The summer of 2011 was a weird time to be a Flyers fan. After a goaltending carousel in the 2011 postseason, former team owner Ed Snider and former general manager Paul Holmgren decided the team needed a true number one goalie. Unfortunately, they concluded that their number one goalie should be Ilya Bryzgalov at the price of $51 million over the span of nine years.
Obtaining the rights to Bryzgalov was the first of five trades Holmgren made that summer in order to make cap space for the netminder’s contract. He then completed the Mike Richards and Jeff Carter trades before he dealt Kris Versteeg to the Florida Panthers, which gave them a draft pick that they used to coincidentally pick a Florida native Flyers’ fans may be familiar with.
The trade with the least impact on the future of the Orange and Black was the exchange of bottom-six forward Darroll Powe to the Minnesota Wild for a 2013 third-round pick. Powe was terrible in terms of puck possession throughout his six-year NHL career, but he did provide Flyers’ fans with a beautiful goal and a wonderful beatdown. He had 22 goals, 21 assists, and 130 penalty minutes in 204 games for Philadelphia before he joined his second NHL club.
Since the return for Powe was a draft pick, Holmgren didn’t have it for too long. He
had his eyes set on bulking up the blue line for a playoff run in 2012, so in February he acquired both Pavel Kubina from the Tampa Bay Lightning and one Nicklas Grossmann from the Dallas Stars. To land this big, immobile Swede who couldn’t even spell his own name, Holmgren needed to cough up a second-round pick in the 2012 NHL Entry Draft (a pick he acquired in the deal Mike Richards’ deal) and the 2013 third-round pick he had previously acquired for Powe. Grossmann played 198 games over the span of four seasons with the Orange and Black before being involved in a pretty good deal for the Flyers immediately after the 2015 NHL Entry Draft.
The Stars would hold on to this third-round pick for a little longer than the Flyers, but they felt the need to ultimately move the pick as well. In late March of 2013, Dallas obtained Joseph Morrow and a fifth-round pick in 2013, which was used on Matej Paulovic (don’t worry about it), but it came at a cost. After competing in 835 games for the Stars, Brenden Morrow (no relation to Joseph) was traded in the midst of his seventh season as captain of Dallas to the Pittsburgh Penguins. Along with Morrow (Brenden), the Stars gave up the well-traveled 2013 third-round pick.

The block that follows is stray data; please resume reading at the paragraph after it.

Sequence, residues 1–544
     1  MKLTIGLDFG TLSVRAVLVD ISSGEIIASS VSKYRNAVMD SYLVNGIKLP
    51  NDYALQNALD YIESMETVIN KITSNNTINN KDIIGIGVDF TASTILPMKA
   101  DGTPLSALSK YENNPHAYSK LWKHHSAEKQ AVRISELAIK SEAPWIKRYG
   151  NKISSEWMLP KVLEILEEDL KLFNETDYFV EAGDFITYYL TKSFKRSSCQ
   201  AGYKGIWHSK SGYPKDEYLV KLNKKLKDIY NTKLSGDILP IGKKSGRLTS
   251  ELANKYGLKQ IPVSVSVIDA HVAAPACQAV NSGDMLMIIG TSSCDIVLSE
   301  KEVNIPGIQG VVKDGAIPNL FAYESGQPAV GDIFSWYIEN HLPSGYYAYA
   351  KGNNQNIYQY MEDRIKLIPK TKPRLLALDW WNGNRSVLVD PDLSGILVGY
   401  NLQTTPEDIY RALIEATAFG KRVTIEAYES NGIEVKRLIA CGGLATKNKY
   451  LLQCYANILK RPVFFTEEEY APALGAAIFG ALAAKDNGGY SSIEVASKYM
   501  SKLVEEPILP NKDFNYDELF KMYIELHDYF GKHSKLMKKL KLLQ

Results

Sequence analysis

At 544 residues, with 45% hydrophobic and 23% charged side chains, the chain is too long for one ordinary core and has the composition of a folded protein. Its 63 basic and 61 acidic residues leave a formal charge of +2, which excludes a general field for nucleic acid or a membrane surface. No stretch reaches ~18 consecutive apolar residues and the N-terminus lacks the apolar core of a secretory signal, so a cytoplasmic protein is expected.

Each team ultimately benefited very well from this trade. Morrow (Joseph) was used as a piece to help land Tyler Seguin from the Boston Bruins. Morrow (Brenden) and the 2013 Pittsburgh Penguins were swept by the Bruins during the Eastern Conference Final, but the third-round pick is still helping the Pens today.
Of the 30 players drafted in the third round of 2013, 15 have already played at least one NHL game to date and nine of those 15 have played in at least 45 games. One of those nine is Jake Guentzel, who was taken 77th overall with the third-round pick that originally belonged to the Minnesota Wild and found its way to the Pens.
Guentzel came into the NHL with a bang, as he scored two goals in his debut against the Rangers on November 21st, 2016. After he totaled 33 points in 40 regular-season games, Guentzel proceeded to have a pretty decent postseason. He scored an overtime goal to complete a hat trick in Game 3 of the Pens’ opening round matchup against the Columbus Blue Jackets, scored four goals in the Stanley Cup Final, led the entire league in goal scoring in the playoffs, and received serious consideration to win the Conn Smythe.
At the 40-game mark this regular season, Guentzel’s point total has dropped a bit to 23 points. Hopefully for Flyers’ fans he won’t produce his second three-point game against the Orange and Black this season.